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Infinite Loops Inside useEffect

loripb profile image Lori "Lei" Boyd ・2 min read

Recently, I came across a bug when using the useEffect hook. I intended to utilize the functionality of the lifecycle method componentDidMount, but useEffect doesn't work precisely the same way.

The Bug

useEffect(()=> {
  fetch("http://localhost:3000/categories")
    .then(resp => resp.json())
    .then(categoriesArray => {
       this.setState({
         categories: categoriesArray
       })
    })
})

Whenever we ran the application, the fetch was successful but continued to fetch infinitely.

The Solution

After a few minutes of google searching the problem, we came across a StackOverflow post that gave us a simple solution.

useEffect(()=> {
  fetch("http://localhost:3000/categories")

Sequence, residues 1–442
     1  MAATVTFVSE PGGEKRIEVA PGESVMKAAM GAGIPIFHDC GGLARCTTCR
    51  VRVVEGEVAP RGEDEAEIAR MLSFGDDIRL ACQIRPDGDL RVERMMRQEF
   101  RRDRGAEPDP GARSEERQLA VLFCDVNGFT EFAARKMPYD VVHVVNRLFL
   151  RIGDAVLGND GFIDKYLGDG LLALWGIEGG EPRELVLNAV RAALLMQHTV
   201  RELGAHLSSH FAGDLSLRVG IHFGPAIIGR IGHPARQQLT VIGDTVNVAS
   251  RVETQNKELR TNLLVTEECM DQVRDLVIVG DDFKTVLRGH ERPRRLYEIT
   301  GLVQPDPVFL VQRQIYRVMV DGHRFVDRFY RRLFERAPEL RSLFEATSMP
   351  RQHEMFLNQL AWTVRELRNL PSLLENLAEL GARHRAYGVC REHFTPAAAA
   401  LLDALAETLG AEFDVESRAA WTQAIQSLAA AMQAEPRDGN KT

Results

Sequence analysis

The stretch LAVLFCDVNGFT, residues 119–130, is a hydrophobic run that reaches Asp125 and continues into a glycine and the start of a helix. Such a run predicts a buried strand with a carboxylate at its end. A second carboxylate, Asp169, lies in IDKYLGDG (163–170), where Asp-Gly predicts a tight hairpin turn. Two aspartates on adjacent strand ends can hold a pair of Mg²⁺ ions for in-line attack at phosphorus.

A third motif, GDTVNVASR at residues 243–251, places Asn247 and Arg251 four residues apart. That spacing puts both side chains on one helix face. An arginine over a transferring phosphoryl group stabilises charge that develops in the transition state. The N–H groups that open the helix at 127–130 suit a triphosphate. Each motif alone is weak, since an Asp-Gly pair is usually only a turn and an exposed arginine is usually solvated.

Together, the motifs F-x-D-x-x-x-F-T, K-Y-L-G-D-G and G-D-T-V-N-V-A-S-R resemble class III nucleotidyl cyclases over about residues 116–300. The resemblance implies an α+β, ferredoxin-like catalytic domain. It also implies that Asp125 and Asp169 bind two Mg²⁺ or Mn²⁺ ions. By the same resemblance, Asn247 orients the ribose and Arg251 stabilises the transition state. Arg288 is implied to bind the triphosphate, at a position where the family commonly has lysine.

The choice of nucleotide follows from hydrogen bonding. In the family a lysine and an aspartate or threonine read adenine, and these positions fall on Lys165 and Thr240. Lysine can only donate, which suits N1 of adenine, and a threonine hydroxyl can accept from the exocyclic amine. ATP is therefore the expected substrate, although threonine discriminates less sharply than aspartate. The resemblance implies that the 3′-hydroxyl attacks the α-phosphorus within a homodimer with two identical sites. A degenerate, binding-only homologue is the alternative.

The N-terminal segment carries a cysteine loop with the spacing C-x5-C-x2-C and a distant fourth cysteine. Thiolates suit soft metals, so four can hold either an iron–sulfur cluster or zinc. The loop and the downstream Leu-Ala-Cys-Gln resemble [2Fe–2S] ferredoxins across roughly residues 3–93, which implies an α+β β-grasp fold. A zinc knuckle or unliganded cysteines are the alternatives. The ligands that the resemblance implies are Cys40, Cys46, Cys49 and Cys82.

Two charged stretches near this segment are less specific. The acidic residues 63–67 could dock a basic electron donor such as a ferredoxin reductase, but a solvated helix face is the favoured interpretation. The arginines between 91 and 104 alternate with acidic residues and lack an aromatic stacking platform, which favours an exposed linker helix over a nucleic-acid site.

.then(resp => resp.json())
    .then(categoriesArray => {
       this.setState({
         categories: categoriesArray
       })
    })
},[])

A user suggested that adding empty brackets as a second argument will fix the infinite fetching.

Alt Text

A Bit About useEffect

useEffect lets you perform side effects in function components. Data fetching, setting up a subscription, and manually changing the DOM in React components are all examples of side effects. To put it simply, useEffect is like a combination of componentDidMount, componentWillUnmount, and componentDidUpdate.

So what's happening when we run our broken code? When the component first renders and mounts, the fetch is called and then sets the state for categories that cause the component to render again. This blog post that Andrew Myint wrote explains this pretty well.

The second argument will tell useEffect not to render unless the said variable changed between renders. Andrew Myint's post uses a variable inside brackets as the second argument. I think the empty brackets also work because there is no trigger to run useEffect again, it'll run only once, after the component mounts.

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Discussion

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useEffect really gets everyone. Pretty tough to grasp.